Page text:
Weekly One-Pager #7 – “The Puzzle-Master”

“The Puzzle-Master” by PD Penley

 

He made his way systematically down each alley with a pause and a glance into each cylindrical plastic container lining the narrow space. Observant only to minutia, he searched for anything of potential use. Anything at all.

Most call it garbage. He saw possibility. This daily scavenger’s walk was his routine, his comfort. He pieced together a puzzle: one which never perfectly aligned; one whose every piece must be coaxed into agreement with its new neighbor. This was art. This was his art. He was good at it.

As one man’s trash is another man’s treasure, one man’s art is another man’s inconvenience.

For 42 years, The Puzzle-Master lived in the corner lot at Abrams and Lucy. He watched as the widely-spaced homes surrounding his own forfeited their breathing room. One lot divided down the middle into two smaller lots one year, for the sake of city growth. Those same two lots found space to divide again the following year – property mitosis: the reproductive process of municipal population. City growth shrank many things in town. Not The Puzzle-Master’s lot, though. The Puzzle-Master did not oppose change, but he would not be its champion. He felt content, and he needed the green grass space for his puzzle pieces strewn throughout his now abnormally-vast property, and he noted how the number of cylinders where he found his treasures grew with each new unit built along his alleys. His puzzle neared completion.

People flocked to the alleys. They brought with them five-pound dogs and twenty-pound purses, wound-up dispositions and trickle-down economics. Their shiny space-ship vehicles rimmed The Puzzle-Master’s daily stroll and they sneered at his unkempt beard and torn white tee as he rifled through their rubbish bins. They formed HOA’s and wrote bylaws. They installed locks on their black plastic cylinders – there could be no dumpster-diving if they locked away the diving board. Slowly the world crept in and The Puzzle-Master recognized nothing as his own any longer. His art suffered. Without supplies, his puzzle, close to masterpiece, ceased progress.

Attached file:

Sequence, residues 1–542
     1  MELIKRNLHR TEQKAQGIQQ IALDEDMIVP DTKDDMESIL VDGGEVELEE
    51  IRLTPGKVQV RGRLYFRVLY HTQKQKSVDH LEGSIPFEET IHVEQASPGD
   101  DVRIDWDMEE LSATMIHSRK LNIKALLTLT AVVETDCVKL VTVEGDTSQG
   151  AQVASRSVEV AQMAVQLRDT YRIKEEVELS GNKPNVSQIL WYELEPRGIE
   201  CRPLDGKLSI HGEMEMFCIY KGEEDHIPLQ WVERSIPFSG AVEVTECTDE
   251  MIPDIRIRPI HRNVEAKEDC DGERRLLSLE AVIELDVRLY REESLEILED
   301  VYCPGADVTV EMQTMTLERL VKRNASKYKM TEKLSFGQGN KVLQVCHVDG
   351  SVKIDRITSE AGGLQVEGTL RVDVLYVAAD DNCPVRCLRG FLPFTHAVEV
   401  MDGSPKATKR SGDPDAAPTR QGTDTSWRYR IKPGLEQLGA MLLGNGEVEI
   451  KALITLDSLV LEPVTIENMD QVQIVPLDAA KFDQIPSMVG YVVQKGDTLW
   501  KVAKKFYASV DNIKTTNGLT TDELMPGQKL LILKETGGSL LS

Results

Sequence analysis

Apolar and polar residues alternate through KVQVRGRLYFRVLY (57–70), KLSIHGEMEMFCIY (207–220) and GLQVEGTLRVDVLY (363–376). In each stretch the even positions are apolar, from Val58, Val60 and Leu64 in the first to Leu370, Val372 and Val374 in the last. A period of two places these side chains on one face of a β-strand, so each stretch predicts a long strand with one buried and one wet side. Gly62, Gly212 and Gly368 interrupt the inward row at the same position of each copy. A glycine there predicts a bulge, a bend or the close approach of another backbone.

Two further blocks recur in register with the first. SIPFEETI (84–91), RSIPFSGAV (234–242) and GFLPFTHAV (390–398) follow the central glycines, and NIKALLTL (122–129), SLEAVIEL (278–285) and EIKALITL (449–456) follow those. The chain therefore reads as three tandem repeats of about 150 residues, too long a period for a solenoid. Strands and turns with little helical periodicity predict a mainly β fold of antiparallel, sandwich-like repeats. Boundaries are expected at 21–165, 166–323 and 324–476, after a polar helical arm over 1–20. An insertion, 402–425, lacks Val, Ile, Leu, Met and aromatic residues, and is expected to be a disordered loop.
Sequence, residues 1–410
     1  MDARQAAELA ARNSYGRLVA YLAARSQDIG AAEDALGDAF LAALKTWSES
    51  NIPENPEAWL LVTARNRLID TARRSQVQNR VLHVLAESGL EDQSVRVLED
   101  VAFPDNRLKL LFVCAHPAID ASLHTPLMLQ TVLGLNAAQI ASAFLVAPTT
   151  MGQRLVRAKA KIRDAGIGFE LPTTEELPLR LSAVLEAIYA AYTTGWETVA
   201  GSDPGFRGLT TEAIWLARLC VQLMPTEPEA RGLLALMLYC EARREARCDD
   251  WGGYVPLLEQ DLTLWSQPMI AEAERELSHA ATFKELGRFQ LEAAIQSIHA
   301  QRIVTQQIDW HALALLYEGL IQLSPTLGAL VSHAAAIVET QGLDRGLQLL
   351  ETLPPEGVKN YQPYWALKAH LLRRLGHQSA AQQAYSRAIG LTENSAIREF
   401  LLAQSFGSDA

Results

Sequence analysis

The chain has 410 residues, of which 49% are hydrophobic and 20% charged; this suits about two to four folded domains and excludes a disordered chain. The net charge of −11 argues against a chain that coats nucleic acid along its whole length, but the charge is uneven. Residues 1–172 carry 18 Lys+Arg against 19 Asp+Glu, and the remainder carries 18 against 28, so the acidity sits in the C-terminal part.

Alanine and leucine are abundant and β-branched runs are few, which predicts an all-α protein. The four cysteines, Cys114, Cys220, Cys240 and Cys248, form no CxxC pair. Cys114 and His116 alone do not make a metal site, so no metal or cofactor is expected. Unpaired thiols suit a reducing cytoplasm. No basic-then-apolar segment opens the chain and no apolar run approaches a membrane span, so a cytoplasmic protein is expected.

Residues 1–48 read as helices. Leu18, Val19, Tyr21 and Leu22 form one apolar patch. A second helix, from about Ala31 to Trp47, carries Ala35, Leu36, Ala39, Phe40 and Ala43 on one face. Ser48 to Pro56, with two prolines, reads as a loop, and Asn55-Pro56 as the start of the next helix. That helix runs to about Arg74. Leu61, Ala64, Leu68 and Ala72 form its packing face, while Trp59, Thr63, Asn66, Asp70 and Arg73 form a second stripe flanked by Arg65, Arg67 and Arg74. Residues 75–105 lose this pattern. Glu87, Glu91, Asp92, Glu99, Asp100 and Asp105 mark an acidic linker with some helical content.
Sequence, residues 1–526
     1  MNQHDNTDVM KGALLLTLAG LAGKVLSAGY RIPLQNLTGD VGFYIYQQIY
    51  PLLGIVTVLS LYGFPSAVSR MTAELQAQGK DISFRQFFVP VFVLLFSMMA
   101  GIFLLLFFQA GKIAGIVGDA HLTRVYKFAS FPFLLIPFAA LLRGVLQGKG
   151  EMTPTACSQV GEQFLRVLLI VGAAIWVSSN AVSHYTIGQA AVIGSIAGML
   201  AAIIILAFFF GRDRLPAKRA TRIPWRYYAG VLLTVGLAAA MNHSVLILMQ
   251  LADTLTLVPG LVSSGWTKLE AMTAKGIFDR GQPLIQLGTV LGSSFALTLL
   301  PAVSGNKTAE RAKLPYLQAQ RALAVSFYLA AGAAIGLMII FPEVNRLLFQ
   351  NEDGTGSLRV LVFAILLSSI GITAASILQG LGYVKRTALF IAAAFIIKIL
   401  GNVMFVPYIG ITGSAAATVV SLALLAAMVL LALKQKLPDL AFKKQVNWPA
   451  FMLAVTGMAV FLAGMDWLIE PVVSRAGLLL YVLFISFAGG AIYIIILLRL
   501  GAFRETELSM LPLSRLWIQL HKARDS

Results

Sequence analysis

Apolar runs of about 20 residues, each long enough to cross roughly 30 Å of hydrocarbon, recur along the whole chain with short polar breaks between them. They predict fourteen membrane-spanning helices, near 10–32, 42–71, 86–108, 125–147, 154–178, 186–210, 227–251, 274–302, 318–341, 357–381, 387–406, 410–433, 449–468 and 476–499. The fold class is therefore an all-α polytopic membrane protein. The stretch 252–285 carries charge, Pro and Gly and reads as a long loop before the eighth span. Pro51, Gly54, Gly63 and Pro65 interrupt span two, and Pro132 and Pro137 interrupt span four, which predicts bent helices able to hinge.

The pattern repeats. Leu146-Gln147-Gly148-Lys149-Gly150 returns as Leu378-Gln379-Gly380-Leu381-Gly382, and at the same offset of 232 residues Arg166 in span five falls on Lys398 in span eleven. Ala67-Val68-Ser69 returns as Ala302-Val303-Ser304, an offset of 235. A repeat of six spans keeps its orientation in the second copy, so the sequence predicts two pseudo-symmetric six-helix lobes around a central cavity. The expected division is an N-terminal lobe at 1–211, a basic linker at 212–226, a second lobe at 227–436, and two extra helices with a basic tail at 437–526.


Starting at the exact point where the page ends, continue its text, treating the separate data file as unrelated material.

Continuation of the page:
Throughout his years of reticence, The Puzzle-Master’s beard grew long and his influence grew short. Space-vehicles slowed pace as they passed his property, their pilots commenting on the misuse of expanse, the misappropriation of the one large field left in the neighborhood, vacant except for rot and garbage. They licked their lips. The Puzzle-Master felt their stares, their misconception. He knew they would come for his land. Time ran short. But everyone loved art. Art, not garbage. They simply misunderstand. Maybe he could make them understand. Maybe he could slow time, shift opinion. Maybe it wasn’t too late. His puzzle waited, dormant and incomplete.

The Puzzle-Master abandoned the comfort of his front door and scampered down his long driveway. Through engagement and connection, face-to-face, he would save his art. He paused at the end of his driveway to check his mailbox – pieced together from a wooden birdhouse and red metal from a Radio Flyer Wagon. He pulled out a crisp white envelope, return address lengthy and official. He ran his finger through the envelope’s crease and pulled out a single sheet of tri-fold paper. He didn’t know where in the process “Notice” was, but he knew vaguely the words “Imminent Domain”. He stroked his beard with his hand and carried the letter back into the house, locking out the new world as time dwindled. His art needed him. His puzzle, once with the potential to become something inimitable, waited to become something. Anything at all.

 

 

Thanks for reading. If this story brought a thought to your mind, leave a comment and let’s discuss! Read last week’s Weekly One-Pager here and check back with The Lantern Slide every Monday for the latest.

-pd

Categories: Fiction

Tagged as: , , ,

2 replies »

  1. I can relate to what the Puzzle-Master’s feelings are about what’s happening to his neighborhood. It happens as you grow older. I realize more all the time of the truth in Chris Tomlin’s song, “Home” :

    “This world is not what it was meant to be
    All this pain, all this suffering
    There’s a better place waiting for me
    In heaven.

    Every tear will be wiped away
    Every sorrow and sin erased
    We’ll dance on seas of amazing grace
    In heaven
    In heaven
    I’m going.”

    Keep up the good work.

    Like

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